Exploring Metaprogramming, Proxying and Reflection in JavaScript

Exploring Metaprogramming, Proxying and Reflection in JavaScript

Metaprogramming, proxying, and reflection sound like confusing and complicated concepts to understand, but are they really?

This guide will provide a comprehensive explanation of each of these topics, with examples that will make it easier to understand. You will learn about metaprogramming, proxying, and reflection, and how they can be implemented in your own JavaScript projects.

By the end of this guide, you will clearly understand these powerful concepts and how to use them to your advantage.

What is Metaprogramming?

Metaprogramming, sometimes referred to as magical programming, is the process of programming programs to program themselves. Dizzying right? Not to worry, let me break it down for you.

It is the ability to write code that can alter or modify other code. The program can treat other programs as its data, and even manipulate its own language construct at runtime.

In other words, it’s a way to write code that can change and adapt as it runs. This can be done by inspecting and modifying the structure of your code, or by creating functions or classes that can be called during runtime. This can be implemented in various ways in JavaScript, such as through reflection, proxying, or meta-object protocols.

Implementing object composition and interception of functionalities with proxying.

A proxy object in JavaScript allows you to manipulate objects before functions are even called. This means it allows you to intercept and modify the behavior of methods and properties. It can be used to add new behavior, modify existing functions’ behavior, or even prevent it from being called at all.

Here is an example of how you might use a proxy in JavaScript to intercept function calls:

const targetFunction = () => {
  console.log("Hello, world!");

const handler = {
  apply: function(target, thisArg, argumentsList) {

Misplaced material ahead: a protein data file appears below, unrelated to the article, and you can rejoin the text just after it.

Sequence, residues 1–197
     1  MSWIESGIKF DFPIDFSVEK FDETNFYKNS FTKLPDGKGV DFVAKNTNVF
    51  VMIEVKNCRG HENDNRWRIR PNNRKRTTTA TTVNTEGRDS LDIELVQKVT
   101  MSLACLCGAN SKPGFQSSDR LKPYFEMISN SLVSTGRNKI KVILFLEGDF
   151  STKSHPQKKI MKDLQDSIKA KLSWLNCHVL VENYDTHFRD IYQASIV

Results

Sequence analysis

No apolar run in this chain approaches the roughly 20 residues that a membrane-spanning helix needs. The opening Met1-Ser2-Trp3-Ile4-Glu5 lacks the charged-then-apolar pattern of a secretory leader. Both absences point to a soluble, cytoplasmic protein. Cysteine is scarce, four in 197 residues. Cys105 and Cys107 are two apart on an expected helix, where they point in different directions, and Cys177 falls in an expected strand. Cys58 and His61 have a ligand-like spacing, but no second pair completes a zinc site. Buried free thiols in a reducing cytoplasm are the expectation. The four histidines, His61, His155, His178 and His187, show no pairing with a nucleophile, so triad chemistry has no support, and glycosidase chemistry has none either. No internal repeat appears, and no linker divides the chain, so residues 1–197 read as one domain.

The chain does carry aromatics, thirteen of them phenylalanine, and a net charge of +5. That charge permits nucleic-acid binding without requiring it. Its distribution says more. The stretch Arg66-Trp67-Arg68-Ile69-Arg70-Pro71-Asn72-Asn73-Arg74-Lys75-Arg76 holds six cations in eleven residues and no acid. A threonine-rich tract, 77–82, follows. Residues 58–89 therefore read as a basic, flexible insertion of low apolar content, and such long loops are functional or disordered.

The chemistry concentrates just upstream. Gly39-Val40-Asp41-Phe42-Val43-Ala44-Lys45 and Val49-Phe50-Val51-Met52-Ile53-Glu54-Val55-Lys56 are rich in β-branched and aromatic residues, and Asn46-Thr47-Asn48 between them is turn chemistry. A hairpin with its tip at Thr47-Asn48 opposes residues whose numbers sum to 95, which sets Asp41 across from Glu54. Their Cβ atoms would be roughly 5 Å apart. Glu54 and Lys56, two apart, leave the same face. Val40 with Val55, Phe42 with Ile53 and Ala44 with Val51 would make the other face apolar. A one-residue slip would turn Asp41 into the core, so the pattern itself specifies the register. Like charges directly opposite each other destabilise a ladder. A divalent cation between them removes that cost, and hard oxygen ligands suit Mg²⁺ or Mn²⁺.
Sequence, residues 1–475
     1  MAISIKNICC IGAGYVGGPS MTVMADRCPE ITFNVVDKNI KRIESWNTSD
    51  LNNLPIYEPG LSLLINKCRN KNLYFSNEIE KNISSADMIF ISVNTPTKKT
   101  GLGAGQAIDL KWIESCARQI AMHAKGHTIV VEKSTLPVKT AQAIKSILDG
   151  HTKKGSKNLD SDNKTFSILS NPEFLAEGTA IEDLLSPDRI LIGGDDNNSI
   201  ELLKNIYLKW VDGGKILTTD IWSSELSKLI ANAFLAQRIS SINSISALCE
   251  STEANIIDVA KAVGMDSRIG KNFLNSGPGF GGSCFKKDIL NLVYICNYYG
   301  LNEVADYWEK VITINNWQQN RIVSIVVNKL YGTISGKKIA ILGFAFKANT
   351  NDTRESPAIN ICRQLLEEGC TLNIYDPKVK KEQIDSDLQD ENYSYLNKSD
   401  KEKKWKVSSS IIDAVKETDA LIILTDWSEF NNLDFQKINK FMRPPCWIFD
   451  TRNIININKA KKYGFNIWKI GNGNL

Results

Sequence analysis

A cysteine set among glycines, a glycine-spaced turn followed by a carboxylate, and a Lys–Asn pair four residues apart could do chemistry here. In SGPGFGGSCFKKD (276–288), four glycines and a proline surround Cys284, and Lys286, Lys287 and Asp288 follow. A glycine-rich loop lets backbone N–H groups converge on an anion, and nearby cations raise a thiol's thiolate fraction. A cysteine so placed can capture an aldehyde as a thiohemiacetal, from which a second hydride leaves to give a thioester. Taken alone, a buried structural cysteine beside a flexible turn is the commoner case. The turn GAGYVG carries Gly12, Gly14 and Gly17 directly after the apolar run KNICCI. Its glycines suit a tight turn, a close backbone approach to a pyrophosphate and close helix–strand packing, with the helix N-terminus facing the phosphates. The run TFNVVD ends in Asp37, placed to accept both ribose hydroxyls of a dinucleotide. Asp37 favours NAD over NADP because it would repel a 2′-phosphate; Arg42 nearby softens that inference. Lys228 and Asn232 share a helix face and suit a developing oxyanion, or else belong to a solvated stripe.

// before the target function is called, do something...
    console.log("Before the function is called...");

    // call the target function
    const result = target.apply(thisArg, argumentsList);

    // after the target function is called, do something...
    console.log("After the function is called...");

    return result;

const proxy = new Proxy(targetFunction, handler);

proxy(); // this will log "Before the function is called...", "Hello, world!", and "After the function is called..."

Below is an example of how to use proxies to implement object composition:

const obj1 = { a: 1, b: 2 };
const obj2 = { c: 3, d: 4 }

// Create a proxy that wraps obj1 and obj2
const composedObj = new Proxy({}, {
  get(target, key) {
    const valueFromObj1 = obj1[key];
    const valueFromObj2 = obj2[key];
    return typeof valueFromObj1 !== 'undefined'
      ? valueFromObj1
      : valueFromObj2;

// Access properties from obj1 and obj2
console.log(composedObj.a); // 1
console.log(composedObj.b); // 2
console.log(composedObj.c); // 3
console.log(composedObj.d); // 4

Proxy objects also enable dynamic object composition, making them ideal for implementing inversion of control (IoC) container mechanisms. In javascript, Proxy objects provide an easy and effective way to tap into their innermost behaviors and properties — thus unlocking their superpowers and enabling us to write cleaner, modular code that is inherently less prone to bugs.

The following code example demonstrates how to use proxies in JavaScript to implement dynamic object composition.

// Create a proxy
let handler = {
  get: (target, name) => target[name] || (() => {
    // Create a new object that will be composed dynamically
    let composedObject = {}

    // Add methods to the composed object
    Object.assign(composedObject, target, {
        [name]() {
            // Call the method on the target
            return target[name].apply(this, arguments);

    return composedObject;

// Set up the dynamic object composition
let object = new Proxy({}, handler);

// Use the dynamic object composition